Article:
A Senate panel passed a bill on Monday that would let illegal immigrants get a Minnesota driver's license, the most recent development in a push at the Capitol to train and ensure more drivers who aren't U.S. citizens.
The Senate Transportation and Public Safety Committee endorsed the bill on a 10-7 vote — with all Democrats in favor and all Republicans opposing the bill — to ease the state's restrictions on driver's licenses. A House committee endorsed a similar bill last week. The Democrats pushing the measure say the change would make Minnesota roads safer: If the state starts to regulate illegal immigrants behind the wheel, they'll have to pass a test and could more easily buy automobile insurance.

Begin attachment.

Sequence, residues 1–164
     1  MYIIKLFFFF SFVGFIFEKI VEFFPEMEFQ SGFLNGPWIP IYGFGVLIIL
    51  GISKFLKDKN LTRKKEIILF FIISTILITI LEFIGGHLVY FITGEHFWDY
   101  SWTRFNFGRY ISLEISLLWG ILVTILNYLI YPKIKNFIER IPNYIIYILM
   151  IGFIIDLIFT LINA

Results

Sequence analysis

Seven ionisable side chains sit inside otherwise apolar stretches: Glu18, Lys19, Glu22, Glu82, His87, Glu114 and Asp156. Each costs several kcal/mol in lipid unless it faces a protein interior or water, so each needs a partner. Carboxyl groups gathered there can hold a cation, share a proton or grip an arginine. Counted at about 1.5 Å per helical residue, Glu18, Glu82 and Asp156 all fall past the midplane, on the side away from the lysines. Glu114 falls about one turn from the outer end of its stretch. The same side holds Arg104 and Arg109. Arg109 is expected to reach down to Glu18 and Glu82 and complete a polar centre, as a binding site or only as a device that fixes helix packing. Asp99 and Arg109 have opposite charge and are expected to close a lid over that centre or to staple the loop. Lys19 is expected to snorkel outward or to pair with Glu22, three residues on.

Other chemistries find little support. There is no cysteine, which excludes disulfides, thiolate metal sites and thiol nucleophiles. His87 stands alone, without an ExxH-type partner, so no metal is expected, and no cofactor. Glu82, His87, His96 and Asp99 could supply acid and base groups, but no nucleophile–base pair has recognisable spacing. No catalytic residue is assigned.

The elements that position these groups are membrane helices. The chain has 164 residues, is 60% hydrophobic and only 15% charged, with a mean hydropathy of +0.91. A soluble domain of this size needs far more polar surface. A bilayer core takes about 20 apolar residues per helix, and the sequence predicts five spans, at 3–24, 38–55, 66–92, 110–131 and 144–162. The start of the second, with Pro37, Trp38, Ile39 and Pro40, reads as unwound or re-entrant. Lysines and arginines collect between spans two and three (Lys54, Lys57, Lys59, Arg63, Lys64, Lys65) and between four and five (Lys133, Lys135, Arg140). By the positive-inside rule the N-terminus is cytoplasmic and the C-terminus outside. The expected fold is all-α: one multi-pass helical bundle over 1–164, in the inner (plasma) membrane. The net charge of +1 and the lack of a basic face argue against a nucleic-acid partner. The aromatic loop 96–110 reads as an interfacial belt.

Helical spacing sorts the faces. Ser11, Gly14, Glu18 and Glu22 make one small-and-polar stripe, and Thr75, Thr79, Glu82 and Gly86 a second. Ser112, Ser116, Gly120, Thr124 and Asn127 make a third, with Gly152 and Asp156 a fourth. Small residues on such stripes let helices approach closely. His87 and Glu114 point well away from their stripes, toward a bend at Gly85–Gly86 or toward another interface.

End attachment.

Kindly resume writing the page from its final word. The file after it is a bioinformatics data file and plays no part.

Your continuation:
But Republicans expressed concern that the change could lead to unintended consequences, such as illegal immigrants using their new state IDs to register to fraudulently vote on Election Day.
"We have to tread very carefully here ... to make sure that we're not opening this up too broadly," said Sen. Eric Pratt, R-Prior Lake.
Sen. Bobby Joe Champion and other Democrats said Champion's bill should be weighed solely as a public safety measure. The House Transportation Policy Committee endorsed the bill on Wednesday, also on party lines.